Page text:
I'm very sympathetic to the pain of updating builders, which is why we thought it was best to do less upgrades and grab the newest version. I'm somewhat unsympathetic to users having "manual upgrade pain" because many of our users are on Darwin where there is no officially supported package manager and many users have to get CMake themselves. Additionally getting CMake binary from cmake.org <http://cmake.org/> or building from source are very easy (as has been mentioned on this thread). Building a working clang is *much* more complicated than building a working CMake.

> In my experience with open source software, sometimes it Just Works, and then other times you can lose whole days to figuring out why the thing you downloaded isn't working/building. I also think we might be a biased group: I'm confident I could download the newest cmake and configure it fairly easily, but a new contributor to llvm may just give up because it's too complicated.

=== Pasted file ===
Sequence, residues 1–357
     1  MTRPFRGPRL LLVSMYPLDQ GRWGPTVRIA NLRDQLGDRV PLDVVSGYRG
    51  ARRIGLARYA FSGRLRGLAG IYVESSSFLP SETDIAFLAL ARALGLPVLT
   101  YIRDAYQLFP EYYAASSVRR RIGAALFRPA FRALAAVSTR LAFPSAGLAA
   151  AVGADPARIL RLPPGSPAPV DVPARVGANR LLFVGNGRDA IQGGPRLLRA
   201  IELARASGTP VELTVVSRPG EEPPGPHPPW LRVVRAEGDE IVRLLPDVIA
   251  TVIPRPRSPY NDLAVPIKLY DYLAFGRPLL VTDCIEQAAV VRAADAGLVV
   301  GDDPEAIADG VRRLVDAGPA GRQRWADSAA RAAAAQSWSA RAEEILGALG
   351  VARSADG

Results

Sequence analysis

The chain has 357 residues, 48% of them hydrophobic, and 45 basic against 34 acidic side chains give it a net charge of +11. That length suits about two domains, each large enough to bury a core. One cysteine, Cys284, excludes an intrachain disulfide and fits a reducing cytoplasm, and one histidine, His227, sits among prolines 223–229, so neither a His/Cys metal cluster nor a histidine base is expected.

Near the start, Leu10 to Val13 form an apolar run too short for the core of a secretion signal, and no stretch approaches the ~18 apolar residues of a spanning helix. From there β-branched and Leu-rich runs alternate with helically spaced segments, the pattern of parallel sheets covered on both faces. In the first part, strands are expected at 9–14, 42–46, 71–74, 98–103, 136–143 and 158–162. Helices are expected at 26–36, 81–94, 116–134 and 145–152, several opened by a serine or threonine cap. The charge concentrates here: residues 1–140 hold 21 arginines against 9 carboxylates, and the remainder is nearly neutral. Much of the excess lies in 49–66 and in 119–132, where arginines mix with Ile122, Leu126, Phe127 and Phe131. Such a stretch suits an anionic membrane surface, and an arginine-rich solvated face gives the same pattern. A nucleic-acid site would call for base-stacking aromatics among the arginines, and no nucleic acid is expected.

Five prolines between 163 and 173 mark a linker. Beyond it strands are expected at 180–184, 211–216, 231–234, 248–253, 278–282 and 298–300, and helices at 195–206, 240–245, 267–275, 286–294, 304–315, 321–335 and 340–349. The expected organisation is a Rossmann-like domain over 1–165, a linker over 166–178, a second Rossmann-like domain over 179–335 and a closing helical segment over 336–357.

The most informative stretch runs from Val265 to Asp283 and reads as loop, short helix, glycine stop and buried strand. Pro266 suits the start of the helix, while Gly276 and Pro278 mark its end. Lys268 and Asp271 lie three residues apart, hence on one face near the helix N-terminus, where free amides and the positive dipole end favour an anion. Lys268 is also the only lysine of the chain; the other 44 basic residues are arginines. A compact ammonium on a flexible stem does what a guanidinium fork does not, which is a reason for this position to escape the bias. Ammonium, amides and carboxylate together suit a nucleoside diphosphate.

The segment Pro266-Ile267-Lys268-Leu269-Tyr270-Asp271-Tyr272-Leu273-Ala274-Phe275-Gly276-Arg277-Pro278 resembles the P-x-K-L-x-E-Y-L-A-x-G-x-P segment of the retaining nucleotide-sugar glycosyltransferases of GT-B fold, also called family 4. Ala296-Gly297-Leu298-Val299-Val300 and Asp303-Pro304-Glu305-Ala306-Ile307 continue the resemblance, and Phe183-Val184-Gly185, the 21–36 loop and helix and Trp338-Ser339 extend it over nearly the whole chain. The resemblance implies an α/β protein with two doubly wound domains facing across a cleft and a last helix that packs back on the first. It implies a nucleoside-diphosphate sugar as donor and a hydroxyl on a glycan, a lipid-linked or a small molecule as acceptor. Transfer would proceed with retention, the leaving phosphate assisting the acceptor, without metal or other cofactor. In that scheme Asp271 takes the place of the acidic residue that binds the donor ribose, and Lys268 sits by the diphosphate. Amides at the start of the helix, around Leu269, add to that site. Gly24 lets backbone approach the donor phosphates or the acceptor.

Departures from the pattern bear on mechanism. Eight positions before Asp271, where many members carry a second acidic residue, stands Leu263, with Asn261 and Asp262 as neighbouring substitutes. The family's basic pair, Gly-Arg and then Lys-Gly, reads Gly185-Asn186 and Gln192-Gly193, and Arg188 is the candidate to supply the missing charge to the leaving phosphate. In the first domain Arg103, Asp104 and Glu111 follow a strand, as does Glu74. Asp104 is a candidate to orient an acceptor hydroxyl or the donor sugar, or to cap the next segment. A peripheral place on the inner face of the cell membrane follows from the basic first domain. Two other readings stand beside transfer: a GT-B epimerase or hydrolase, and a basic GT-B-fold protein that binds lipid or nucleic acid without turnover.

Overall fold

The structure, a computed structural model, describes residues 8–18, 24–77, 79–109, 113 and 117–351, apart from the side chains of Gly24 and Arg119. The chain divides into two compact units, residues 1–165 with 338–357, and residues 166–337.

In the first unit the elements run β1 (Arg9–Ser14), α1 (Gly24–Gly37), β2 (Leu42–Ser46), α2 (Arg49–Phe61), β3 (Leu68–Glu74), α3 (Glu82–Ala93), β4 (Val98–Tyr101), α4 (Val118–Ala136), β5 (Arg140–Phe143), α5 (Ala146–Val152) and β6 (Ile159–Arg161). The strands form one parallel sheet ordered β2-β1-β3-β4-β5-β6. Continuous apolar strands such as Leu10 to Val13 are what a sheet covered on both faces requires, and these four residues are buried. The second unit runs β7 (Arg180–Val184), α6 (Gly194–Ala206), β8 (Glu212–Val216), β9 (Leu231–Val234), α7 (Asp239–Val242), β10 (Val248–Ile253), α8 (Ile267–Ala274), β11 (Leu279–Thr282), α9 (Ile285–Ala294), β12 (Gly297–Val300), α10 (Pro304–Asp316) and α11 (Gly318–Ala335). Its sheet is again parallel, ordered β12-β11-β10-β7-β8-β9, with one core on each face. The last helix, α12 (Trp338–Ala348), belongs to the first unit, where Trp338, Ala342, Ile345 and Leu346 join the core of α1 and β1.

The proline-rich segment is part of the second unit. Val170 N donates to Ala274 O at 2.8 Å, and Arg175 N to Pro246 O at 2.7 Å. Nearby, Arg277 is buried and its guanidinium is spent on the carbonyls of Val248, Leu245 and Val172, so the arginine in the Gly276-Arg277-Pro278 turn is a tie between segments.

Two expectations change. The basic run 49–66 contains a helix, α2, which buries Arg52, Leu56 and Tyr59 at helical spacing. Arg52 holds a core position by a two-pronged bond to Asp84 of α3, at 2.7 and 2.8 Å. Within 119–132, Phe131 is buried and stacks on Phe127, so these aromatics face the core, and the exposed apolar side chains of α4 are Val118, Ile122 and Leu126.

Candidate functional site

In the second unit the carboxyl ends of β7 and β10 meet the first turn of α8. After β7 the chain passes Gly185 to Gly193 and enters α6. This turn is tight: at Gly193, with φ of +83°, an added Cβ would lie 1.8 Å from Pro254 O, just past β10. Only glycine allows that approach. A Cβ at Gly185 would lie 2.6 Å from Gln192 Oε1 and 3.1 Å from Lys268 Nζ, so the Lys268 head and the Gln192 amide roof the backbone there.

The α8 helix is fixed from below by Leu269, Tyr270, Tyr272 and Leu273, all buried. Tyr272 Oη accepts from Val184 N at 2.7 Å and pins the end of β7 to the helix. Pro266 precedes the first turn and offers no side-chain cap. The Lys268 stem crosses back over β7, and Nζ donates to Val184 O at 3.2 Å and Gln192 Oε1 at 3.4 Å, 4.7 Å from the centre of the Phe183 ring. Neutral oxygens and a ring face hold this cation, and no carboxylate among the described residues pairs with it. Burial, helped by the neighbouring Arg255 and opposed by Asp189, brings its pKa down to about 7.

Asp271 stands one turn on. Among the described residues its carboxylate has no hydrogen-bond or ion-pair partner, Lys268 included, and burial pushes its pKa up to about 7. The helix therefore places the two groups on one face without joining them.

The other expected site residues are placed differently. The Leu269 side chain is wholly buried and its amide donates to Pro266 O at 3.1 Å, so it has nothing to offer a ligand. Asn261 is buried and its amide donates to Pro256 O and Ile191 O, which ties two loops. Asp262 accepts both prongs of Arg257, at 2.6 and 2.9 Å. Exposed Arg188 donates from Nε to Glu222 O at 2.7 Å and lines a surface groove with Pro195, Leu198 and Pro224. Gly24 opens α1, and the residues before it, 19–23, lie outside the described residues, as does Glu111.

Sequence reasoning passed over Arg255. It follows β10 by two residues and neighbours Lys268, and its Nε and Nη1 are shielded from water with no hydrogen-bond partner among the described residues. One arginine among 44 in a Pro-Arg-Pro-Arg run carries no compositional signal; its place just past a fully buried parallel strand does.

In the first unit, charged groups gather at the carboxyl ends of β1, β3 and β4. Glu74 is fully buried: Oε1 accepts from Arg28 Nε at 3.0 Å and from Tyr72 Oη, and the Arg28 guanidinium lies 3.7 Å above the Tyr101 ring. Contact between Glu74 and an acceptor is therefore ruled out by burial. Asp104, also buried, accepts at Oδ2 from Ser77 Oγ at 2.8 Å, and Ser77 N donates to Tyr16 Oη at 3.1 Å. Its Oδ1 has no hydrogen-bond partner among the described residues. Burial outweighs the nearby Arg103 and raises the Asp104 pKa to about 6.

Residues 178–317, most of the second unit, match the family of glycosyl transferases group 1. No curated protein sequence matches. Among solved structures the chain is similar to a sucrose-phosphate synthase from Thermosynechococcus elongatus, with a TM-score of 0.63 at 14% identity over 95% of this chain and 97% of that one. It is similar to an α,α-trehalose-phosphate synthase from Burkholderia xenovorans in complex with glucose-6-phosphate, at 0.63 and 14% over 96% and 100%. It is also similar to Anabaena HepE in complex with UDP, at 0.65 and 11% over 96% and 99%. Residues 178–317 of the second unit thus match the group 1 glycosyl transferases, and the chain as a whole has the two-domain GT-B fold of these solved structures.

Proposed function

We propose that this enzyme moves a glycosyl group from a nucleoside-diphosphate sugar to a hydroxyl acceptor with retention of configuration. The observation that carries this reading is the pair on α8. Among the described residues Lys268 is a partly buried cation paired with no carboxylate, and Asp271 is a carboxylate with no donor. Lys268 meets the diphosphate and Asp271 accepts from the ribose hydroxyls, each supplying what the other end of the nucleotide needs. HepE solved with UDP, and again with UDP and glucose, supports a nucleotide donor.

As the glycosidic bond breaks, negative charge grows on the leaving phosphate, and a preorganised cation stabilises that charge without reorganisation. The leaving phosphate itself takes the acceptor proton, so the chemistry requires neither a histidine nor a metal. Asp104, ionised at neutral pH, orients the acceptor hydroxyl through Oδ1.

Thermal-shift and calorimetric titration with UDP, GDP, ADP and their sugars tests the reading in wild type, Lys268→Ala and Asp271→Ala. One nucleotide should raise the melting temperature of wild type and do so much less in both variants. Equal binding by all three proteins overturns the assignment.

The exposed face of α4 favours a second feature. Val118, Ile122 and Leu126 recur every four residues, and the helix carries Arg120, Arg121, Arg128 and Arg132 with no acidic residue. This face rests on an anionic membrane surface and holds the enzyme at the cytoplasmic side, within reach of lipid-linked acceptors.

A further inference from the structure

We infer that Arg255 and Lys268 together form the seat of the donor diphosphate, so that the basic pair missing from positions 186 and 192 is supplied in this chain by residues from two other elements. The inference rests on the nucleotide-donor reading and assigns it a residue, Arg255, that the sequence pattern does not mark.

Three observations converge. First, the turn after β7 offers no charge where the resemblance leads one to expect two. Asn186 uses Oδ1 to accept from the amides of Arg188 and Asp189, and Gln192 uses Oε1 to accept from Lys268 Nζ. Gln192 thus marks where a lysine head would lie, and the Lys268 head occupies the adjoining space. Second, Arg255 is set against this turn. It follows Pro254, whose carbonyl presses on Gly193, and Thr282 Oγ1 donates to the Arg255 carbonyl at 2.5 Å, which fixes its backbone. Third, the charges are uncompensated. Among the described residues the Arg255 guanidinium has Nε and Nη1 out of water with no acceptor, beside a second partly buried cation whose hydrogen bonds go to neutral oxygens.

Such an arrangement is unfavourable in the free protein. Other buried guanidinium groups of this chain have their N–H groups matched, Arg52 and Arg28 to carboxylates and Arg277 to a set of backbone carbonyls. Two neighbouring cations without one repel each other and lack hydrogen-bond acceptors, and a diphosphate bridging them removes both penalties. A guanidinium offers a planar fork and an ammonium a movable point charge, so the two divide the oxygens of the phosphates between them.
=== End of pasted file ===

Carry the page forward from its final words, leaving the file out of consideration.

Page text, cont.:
I would expect a new contributor could grab the binary packages from cmake.org <http://cmake.org/>. Binary packages are available for most common operating systems.

> 2) This seems contrary to version policy elsewhere in LLVM
> Our docs say we support a host toolchain of clang 3.5, released Sep 2014. In my earlier post, I mentioned objections on setting a minimum recommonmark version of 0.5, because only 0.4 is available widely. If we decide that grabbing new versions of software is easy, why don't we just make clang-9 the minimum support host compiler version? (Similarly for gcc, msvc, ...).
> Having 1 thing that is required to grab outside of the host system's package manager is maybe not too bad, but if we require N things, that may be too large of a barrier for some people.

I think compiler versions are very different, and comparing CMake to compiler versions is an apples-to-oranges comparison. We support very old versions of clang and gcc because we rely on a fairly old C++ language standard. Much of the reason for that is actually because of MSVC's historically lagging C++ language support.

> I don't want to derail this RFC, since the cmake version bump has real improvements (see the replies in this thread -- thanks!), but I think we should at least think about having a llvm-wide policy on this kind of thing instead of just looking at cmake.